Biennale Arte 2022: The Milk of Dreams



La Biennale di venezia



Number of pages: 2 volumes 752 and 248 pages
Product dimensions: 210 × 270mm
Slipcase: 2mm boards covered in 120 gsm Wibalin Natural, printed 5/0 with protective acrylic varnish, inside unfinished
Cover: 290 gsm Fedrigoni Sirio Jasmine, printed 5/1, with protective acrylic varnish
Endpapers: 290 gsm Fedrigoni Sirio Jasmine, printed 40
Text: 100 gsm Munken Lynx Rough, printed 4/4 and 5/5
Exposed spine: 120 gsm Wibalin
Binding: Flexicover


Biennale Arte 2022: The Milk of Dreams - Exhibition catalogue

From April 23 on, huge eyes will be watching us from the Riva degli Schiavoni, from the Venetian piazzas, from the traghetto stops, from the covers of the catalogue, The Milk of Dreams, created for the occasion of the 59th Biennale Arte.  The eyes are taken from the works of Belkis Ayón, Felipe Baeza, Tatsuo Ikeda, and Cecilia Vicuña, details chosen to reflect the themes that run through the Biennale: dream, body, transformation, reflection of the soul.  Like the eyes of the monsters and bizarre characters illustrated by Leonora Carrington, surrealist artist and writer, whose illustrated collection of fantastic stories, The Milk of Dreams, provides the title of Biennale Arte 2022.

“Humbert was the most beautiful boy in the town. He had blue eyes and golden curls. He was very beautiful, but he was nasty. He liked putting rats in the beds of his sisters. The little girls cried.

One day Rose, his sister, put a crocodile in his bed.

– AI, – yelled Humbert, – I’m afraid there’s a crocodile in my bed! –

But Humbert was so beautiful the crocodile gave him an agreeable smile. Humbert and the crocodile had become friends.

The child is even nastier than he was before because he goes everywhere with the crocodile.”

When asked why she chose this literary work as inspiration, Cecilia Alemanni, curator of the 59th Biennale, recounts: “The book describes a free world, without hierarchies, where it is always possible to become something else, to transform and to change; where humans live with animals and machines in a symbiotic communion, at times joyous and at times disturbing.  In Carrington’s figures of transformation, I found a synthesis that seemed to sum up the concerns of many contemporary artists.”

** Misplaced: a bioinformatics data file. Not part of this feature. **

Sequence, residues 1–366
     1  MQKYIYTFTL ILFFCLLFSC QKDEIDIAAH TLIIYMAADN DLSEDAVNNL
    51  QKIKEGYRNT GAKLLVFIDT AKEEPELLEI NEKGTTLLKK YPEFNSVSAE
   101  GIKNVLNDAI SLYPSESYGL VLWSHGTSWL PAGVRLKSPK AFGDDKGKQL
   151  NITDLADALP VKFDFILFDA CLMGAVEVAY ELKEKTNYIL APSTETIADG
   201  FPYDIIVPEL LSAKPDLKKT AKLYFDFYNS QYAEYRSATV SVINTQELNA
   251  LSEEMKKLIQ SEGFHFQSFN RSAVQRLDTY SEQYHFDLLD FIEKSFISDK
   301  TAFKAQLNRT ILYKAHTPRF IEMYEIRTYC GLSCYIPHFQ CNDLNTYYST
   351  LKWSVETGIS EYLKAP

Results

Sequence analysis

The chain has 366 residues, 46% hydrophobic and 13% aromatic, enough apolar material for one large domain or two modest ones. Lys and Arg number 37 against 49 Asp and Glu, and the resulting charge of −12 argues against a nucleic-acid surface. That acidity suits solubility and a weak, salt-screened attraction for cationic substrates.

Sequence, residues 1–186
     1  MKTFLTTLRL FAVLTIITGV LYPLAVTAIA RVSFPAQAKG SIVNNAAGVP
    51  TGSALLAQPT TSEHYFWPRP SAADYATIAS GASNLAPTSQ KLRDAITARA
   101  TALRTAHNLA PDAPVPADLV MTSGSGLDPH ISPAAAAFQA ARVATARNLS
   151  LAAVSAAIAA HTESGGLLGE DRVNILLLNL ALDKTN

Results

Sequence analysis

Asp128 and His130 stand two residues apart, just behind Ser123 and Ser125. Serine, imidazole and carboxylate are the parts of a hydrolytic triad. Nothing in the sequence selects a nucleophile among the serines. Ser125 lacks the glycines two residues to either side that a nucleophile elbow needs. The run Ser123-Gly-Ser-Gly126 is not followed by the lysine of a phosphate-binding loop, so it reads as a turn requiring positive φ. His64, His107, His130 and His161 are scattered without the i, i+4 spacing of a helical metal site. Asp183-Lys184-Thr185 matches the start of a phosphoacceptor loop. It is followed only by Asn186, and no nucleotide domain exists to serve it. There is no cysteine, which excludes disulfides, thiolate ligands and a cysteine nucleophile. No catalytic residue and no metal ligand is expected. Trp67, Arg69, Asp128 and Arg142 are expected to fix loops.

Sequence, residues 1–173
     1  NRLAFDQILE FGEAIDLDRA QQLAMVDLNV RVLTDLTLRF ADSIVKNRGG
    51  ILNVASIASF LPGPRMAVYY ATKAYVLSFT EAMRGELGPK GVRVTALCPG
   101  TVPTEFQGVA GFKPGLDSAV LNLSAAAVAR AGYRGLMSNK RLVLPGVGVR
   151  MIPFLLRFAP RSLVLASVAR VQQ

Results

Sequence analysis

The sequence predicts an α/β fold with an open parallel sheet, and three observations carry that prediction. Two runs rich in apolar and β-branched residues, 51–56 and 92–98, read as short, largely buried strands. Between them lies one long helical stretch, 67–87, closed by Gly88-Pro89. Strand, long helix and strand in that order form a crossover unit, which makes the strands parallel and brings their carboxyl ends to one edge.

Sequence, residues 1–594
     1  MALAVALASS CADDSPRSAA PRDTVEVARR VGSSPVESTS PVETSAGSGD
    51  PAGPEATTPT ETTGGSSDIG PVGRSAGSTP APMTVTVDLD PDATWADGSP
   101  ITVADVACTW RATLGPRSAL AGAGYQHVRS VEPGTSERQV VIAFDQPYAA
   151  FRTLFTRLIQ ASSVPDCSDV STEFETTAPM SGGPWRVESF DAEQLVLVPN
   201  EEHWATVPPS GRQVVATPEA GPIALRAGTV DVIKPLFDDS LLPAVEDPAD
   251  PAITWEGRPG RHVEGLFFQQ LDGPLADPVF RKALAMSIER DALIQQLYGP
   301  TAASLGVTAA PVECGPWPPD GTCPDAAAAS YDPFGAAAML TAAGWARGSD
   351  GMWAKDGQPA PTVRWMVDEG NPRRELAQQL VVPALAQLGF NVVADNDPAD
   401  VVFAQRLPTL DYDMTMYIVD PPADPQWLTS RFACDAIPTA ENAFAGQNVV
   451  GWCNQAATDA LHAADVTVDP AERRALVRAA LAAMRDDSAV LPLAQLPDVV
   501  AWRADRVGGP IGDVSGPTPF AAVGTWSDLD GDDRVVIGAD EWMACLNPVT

The first thematic capsule of the Central Pavilion hosts a group of women painters from the 1930s who are adjacent to Surrealism. In the catalogue, their work is reproduced splendidly from page 93 on.  The catalogue is a particular point of pride for Graphicom, who saw to printing and binding the books and making the slipcase.  It is another example of the dance of the printer’s eye and the latest technology, the considered choice of materials and meticulous workmanship, put to the service of color and art, for a show as prestigious and international as the Venice Biennale.


Le muse inquiete



La Biennale di Venezia



Binding: paperback, open spine with cloth
Number of pages: 456 pp
Product dimensions: 210 × 270 mm
Special features: 


Le Muse inquiete

In presenting the exhibition, Roberto Cicutto, President of La Biennale di Venezia, expressed his gratitude “for the generous support that the directors and staff of the Historical Archives and the entire Biennale have given to this project, parallel to their work on the exhibitions and festivals. It is one that bolsters La Biennale’s role as a hub of research in the contemporary arts, a fundamental driving force for investigating the present and future, and a strategic tool for development, even in terms of economic growth.”

For this exhibition, the directors have selected rare footage, first-hand accounts, and a range of artworks, following various lines of research to examine the many times when the history of La Biennale has overlapped with the history of the world—revealing or generating institutional rifts and political and ethical crises, but also new creative languages.

The exhibition is laid out in the rooms of the Central Pavilion and weaves its way through all six disciplines: from Fascism (1928-1945) to the Cold War and new world order (1948-1964), to the unrest of ’68 and the Biennales chaired by Carlo Ripa di Meana (1974-78), then from the postmodernism to the first Architecture Biennale and until the 1990s, and the beginning of globalization (see attached document “The Rooms” with details).

In a period of global instability that over the course of just a few months has brought a succession of environmental disasters, new pandemics, and social revolutions, La Biennale di Venezia serves as a wellspring and channel for the most innovative currents in the artistic disciplines of our era—but also continues to bear witness to the many shifts and crises that have supervened from the late nineteenth century to the present, like a seismometer recording the tremors of history.

Text by La Biennale di Venezia

Graphic project by TOMOTOMO

Photo by Louis De Belle